Thursday, March 28, 2013

That's the news

Junk Bond Issuance at Record High

Heavy inflows into funds purchasing these securities has led to a considerable narrowing in the spread between the yield on junk bonds and U.S. Treasurys over the past year. The yield on the benchmark 10-year Treasury note stands at 1.83 percent.
What could go wrong?  One thing you have to admit here is that Ben is getting all kinds of people invested in all kinds of things that they never would have invested in before.  Broadening their horizons.  And junk bond issuance being at a record high just goes to show that someone will be more than happy to take your money.

Jobless claims rise, but GDP data shows more growth
While jobless claims increased more than expected last week, they have trended lower this year and remain near five-year lows. Last week, initial claims for state unemployment benefits increased 16,000 to a seasonally adjusted 357,000, the Labor Department said.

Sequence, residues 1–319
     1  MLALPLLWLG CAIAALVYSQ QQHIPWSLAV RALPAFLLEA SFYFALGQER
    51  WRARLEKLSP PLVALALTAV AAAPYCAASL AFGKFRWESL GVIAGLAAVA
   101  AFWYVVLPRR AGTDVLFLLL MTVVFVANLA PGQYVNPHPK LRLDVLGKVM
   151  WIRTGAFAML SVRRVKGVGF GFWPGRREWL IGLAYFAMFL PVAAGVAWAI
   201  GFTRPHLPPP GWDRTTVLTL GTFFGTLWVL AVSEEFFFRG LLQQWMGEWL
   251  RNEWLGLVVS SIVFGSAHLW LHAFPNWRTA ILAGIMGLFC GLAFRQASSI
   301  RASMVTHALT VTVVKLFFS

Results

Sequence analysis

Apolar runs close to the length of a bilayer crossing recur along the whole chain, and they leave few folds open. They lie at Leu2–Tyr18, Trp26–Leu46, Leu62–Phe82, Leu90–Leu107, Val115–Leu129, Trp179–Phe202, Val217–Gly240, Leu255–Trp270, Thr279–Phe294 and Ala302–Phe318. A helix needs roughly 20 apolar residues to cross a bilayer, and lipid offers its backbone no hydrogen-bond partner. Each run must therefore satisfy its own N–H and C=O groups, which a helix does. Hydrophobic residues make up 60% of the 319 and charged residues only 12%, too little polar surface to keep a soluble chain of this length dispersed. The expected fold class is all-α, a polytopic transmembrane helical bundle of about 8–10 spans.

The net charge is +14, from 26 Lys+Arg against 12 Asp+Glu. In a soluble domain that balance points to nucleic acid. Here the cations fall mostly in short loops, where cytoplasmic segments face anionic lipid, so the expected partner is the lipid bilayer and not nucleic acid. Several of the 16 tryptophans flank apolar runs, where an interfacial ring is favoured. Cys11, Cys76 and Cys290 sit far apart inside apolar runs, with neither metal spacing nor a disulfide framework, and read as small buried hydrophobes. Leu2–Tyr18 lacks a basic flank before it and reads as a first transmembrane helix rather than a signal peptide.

I understand the idea of seasonal adjustment; it makes some readings more comparable to others.  But it feels a lot like they're saying that some unemployment claims don't count.  At any rate, this should be good news for markets because it means the Fed is even more likely to continue with QE.  Yay!

Economy expanded at 0.4 percent rate at end of 2012, latest sign of meager recovery
The U.S. economy is teetering further on the edge of recession, with revised numbers showing economic growth clocking in at an anemic rate at the end of 2012.
What a difference your news source makes in what is actually the news.  Reuters, in the previously linked post about jobless claims and GDP data, spent a lot of time quoting people as saying things are looking better.  Then, Fox comes along and says we're "teetering further on the edge of recession."  But the Fox article talks more about how people feel about the recovery, and the really important thing for this recovery is how people feel about it.  So, despite improving numbers on the economic front, we still aren't out of the dark.  Well, unless you're invested in stocks or real estate.  At least for the time being.

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